Background: Increasing antibiotic resistance in the community results in greater use of empiric broad spectrum antibiotics for patients at hospital admission. As a measure of antibiotic stewardship it is important to identify a patient population that can receive narrow spectrum antibiotics. Objectives: To evaluate resistance patterns of Escherichia coli bloodstream infection (BSI) from strictly community-acquired infection and the impact of recent antibiotic use on this resistance. Methods: This single center, historical cohort study of adult patients with E. coli BSI was conducted from January 2007 to 2011. Patients had no exposure to any healthcare December facility and no chronic catheters or chronic ulcers. Data on 90 days was collected and antibiotic use during the previous relation to resistance patterns was assessed. 267 BSI cases met the Results: Of the total number of patients, (57%) had bacteria sensitive to all entry criteria; 153 patients 189 patients with no antibiotic exposure, antibiotics. Among 61% of isolates (116) were pan-sensitive. Resistance to any 114 patients and 12 were extended-spectrum antibiotic appeared in beta-lactamase (ESBL) producers. Quinolone use was the main driver of resistance to any antibiotic and to ESBL resistance patterns. In a multivariate analysis, older age (odds 1.1) and quinolone use (odds ratio 7) were independently ratio correlated to ESBL. Conclusions: At admission, stratification by patient characteristics and recent antibiotic use can help personalize primary empirical therapy.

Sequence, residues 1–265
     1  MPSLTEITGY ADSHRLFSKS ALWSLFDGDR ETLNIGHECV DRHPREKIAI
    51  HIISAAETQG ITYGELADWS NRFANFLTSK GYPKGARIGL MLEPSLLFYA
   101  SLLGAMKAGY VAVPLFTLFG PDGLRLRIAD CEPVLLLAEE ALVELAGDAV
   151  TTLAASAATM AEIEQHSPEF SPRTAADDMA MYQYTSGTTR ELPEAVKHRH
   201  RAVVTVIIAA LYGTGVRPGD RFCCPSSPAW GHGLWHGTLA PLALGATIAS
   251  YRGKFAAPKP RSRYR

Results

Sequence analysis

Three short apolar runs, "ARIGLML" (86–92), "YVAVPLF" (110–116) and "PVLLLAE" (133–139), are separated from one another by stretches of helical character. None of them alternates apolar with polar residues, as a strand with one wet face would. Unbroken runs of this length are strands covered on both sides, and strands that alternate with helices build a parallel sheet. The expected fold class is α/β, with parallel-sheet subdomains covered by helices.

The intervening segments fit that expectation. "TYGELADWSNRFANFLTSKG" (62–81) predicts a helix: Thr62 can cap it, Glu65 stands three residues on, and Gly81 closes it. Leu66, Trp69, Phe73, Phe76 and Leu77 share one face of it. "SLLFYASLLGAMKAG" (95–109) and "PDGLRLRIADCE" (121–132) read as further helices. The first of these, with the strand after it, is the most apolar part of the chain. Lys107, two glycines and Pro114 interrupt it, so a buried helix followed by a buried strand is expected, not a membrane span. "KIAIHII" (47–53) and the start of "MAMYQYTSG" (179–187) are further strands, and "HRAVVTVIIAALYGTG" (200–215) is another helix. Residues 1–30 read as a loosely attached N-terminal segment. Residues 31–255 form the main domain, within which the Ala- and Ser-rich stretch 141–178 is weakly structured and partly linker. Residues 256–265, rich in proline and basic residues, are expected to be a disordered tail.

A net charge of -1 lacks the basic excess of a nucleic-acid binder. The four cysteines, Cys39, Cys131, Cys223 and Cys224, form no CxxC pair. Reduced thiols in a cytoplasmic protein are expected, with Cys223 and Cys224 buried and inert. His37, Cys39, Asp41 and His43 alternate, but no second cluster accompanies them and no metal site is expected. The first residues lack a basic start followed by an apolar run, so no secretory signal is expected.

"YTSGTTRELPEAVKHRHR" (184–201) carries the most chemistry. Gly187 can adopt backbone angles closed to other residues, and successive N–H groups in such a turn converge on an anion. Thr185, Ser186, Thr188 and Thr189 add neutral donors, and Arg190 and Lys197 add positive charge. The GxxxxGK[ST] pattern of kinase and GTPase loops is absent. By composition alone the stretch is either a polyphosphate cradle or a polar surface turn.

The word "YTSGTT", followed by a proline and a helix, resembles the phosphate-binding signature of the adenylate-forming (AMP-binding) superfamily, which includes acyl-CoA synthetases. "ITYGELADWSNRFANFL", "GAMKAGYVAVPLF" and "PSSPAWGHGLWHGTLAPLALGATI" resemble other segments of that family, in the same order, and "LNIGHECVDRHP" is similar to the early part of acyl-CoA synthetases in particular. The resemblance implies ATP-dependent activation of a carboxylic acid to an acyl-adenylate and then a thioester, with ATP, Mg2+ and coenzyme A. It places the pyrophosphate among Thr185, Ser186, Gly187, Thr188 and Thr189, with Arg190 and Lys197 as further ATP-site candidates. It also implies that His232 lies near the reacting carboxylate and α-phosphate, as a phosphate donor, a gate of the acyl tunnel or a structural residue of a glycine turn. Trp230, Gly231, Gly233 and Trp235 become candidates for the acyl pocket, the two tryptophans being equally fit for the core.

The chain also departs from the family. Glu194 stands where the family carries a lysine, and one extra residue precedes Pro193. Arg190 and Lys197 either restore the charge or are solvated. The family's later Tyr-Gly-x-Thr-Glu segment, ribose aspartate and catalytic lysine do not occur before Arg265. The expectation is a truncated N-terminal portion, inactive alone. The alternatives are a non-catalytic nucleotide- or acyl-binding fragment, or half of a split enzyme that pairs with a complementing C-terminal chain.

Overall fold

|Number of pages||3|
|Journal||Israel Medical Association Journal|
|State||Published - Jun 2018|
- Community acquired bacteremia
- Escherichia coli